have a tax reform program on the table next week. And that's ahead of a looming budget bill that could lead to a government shutdown. But can any of it get done before the 100-day mark? That's the big question. Stay with us.


CABRERA: We want to take a moment to honor some Boston police officers going beyond the call of duty. CNN's Jason Carroll says they granted a wish for a young boy with a rare form of brain cancer.


JASON CARROLL, CNN CORRESPONDENT: This past January the Suau family was out on vacation. One of the family's boys, Devin, a precocious 6- year-old, fell off his snowboard and hit his head. At worst the family thought he might have a concussion and then came a devastating diagnosis.

CHRISTINE SUAU, DEVIN'S MOTHER: Life with four boys was crazy before this anyway and now it's -- it's unimaginable.

CARROLL: Devin was diagnosed with a rare form of pediatric cancer and there is no cure.

CHRISTINE SUAU: I think every moment has been challenging because we're constantly reminded of how quickly our life changed.

CARROLL: Devin dreamed of perhaps one day becoming a police officer like his uncle, but new that doctors have given him eight months to two years to live his outlook is measured week by week, day by day.

CHRISTINE SUAU: The most challenging was just trying to wrap your head around the seriousness of the disease.

CARROLL: Enter Devin's local police department who have stood by his family.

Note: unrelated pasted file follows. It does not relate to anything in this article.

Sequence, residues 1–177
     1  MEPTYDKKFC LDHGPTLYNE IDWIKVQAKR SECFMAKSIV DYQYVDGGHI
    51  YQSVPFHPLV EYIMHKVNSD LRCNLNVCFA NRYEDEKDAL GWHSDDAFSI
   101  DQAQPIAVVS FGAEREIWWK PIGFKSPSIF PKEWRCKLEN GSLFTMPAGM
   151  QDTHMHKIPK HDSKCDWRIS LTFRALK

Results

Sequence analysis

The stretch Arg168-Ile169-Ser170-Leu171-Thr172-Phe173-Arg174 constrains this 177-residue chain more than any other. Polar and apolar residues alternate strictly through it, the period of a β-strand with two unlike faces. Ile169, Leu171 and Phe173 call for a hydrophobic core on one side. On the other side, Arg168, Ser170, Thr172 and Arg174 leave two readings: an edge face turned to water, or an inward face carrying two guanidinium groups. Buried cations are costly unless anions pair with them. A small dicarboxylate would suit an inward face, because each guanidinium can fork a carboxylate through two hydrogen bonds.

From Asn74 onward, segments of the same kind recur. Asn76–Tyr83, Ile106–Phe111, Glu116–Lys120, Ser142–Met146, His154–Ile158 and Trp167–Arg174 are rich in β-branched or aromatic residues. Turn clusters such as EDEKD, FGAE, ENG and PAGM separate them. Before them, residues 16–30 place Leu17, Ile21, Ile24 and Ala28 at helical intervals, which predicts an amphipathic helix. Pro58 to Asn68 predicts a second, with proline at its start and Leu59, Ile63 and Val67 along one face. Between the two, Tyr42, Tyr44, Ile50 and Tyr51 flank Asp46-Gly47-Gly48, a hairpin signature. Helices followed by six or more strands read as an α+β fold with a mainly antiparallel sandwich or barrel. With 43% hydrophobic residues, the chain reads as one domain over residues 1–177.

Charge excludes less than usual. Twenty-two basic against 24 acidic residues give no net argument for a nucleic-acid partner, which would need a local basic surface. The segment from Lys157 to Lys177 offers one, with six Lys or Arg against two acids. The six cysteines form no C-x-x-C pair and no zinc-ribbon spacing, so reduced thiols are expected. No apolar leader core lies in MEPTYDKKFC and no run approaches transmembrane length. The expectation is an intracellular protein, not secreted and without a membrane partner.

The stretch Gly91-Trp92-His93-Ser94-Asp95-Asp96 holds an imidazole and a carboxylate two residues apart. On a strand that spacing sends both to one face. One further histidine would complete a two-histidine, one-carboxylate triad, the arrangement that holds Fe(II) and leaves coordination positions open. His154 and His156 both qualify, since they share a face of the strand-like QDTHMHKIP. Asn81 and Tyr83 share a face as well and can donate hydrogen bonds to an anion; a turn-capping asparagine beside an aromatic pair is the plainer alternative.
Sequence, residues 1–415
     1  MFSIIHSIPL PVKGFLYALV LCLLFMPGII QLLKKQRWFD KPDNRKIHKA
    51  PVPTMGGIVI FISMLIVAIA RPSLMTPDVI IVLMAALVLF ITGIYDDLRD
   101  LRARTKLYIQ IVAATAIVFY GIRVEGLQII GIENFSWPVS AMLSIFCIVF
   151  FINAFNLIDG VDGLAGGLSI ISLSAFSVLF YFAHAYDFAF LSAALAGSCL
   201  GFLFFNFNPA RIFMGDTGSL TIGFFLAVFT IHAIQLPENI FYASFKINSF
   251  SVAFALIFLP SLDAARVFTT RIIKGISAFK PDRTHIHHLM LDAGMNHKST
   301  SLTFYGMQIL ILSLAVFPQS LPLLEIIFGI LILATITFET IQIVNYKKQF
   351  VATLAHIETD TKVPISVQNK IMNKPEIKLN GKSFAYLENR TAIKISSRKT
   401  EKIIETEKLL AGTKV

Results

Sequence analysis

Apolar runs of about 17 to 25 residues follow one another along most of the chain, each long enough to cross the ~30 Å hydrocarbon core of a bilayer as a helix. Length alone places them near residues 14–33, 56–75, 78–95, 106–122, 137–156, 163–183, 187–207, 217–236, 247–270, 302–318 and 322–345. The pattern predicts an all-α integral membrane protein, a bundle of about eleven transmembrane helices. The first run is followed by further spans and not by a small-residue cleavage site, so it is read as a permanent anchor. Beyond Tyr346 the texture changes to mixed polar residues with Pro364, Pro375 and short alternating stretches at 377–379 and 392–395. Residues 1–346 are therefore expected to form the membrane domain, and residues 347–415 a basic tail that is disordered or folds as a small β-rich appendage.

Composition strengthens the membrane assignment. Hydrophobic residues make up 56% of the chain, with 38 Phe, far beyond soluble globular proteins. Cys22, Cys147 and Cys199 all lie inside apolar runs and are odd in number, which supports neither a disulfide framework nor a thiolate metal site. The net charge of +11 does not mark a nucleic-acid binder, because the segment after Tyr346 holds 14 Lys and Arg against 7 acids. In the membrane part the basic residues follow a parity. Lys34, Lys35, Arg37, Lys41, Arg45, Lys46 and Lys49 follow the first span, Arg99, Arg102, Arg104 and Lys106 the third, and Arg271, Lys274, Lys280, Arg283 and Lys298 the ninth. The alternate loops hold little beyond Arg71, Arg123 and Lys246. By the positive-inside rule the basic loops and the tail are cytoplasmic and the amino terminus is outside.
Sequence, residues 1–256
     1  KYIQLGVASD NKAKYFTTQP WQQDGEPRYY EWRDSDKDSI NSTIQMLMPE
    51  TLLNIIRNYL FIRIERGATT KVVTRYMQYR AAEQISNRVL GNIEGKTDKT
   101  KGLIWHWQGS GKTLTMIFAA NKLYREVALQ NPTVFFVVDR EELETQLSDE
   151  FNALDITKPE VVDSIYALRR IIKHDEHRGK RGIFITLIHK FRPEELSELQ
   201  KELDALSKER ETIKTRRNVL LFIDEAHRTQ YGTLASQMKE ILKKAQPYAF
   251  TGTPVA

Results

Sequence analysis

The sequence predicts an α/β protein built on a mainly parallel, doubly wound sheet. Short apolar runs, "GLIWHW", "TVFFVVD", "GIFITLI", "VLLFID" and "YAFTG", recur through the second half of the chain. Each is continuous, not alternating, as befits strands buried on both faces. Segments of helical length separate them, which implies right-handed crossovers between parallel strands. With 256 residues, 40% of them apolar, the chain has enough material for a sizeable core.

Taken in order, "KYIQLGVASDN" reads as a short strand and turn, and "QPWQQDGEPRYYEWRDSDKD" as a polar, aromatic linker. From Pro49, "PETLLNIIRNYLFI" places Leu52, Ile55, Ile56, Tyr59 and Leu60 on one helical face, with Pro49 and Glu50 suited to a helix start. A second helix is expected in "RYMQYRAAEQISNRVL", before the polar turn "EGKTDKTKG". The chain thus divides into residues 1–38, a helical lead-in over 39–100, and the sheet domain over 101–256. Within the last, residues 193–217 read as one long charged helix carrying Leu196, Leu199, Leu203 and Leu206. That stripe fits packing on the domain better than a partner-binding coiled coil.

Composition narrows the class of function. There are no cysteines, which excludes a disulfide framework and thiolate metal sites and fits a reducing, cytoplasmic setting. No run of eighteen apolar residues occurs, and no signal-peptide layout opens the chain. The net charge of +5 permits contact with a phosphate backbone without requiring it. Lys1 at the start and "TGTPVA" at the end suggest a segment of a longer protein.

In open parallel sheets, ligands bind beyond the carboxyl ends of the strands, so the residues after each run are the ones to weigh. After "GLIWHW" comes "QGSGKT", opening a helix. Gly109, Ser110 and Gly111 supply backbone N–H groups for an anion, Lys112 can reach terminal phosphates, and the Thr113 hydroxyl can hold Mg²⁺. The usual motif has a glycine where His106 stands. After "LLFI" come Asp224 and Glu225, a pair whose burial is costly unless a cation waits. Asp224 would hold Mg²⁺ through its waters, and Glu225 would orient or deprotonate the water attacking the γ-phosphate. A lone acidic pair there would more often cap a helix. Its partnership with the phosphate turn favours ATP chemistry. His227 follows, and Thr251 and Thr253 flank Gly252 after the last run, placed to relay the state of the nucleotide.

OFFICE JUSTIN CREMMINS, BOSTON POLICE: When we hear of any fight of any kid facing the challenge of a debilitating disease step, we step forward. So, you have to take care of the future. And you have to show parents going through

this they are not alone.

CARROLL: The Boston PD made Devin an honorary commissioner, and Framingham police made him chief and he came to offer law enforcement advice. He is relishing his roles and keen to offer law enforcement advice.

DEVIN SUAU, VICTIM OF RARE CANCER: Be careful to not get eaten by a bear.

[15:55:00] CARROLL: The Boston PD has stepped in before to help make a day out a little easier for a child suffering from brain cancer. The department made this 4-year-old an honorary police officer. CHRISTINE SUAU: What's also moving for me is to see the support

coming from this department.

CREMMINS: It's something we've done for years and years as a village as a whole. We have to take care of everyone in the village.

CARROLL: As for Devin despite the odds his family is hoping he'll be the first to beat the disease and they have planned what they will do when they called the nasty rock in his brain is gone.

DEVIN SUAU: I'm going to eat ice cream every single day, ice cream!

CARROLL: Devin did serve and eat ice cream when we saw him and days later flew to Rome where he was blessed by the pope. Jason Carroll, CNN, Boston.



CABRERA: We're on the hunt for CNN Heroes and we need you to help us find them. Meet the people who have nominated Heroes in the past.


UNIDENTIFIED FEMALE: I met my hero when we were volunteering. He's making a big difference.


UNIDENTIFIED FEMALE: For kids in our area.

UNIDENTIFIED FEMALE: She is my second mom, my mentor.

UNIDENTIFIED FEMALE: I felt like it was very important for people to know about Sister Teresa.

UNIDENTIFIED FEMALE: I was so honored to honor her.

UNIDENTIFIED FEMALE: Oh, my goodness, so proud that I did something for her.


CABRERA: Nominate you know someone you at --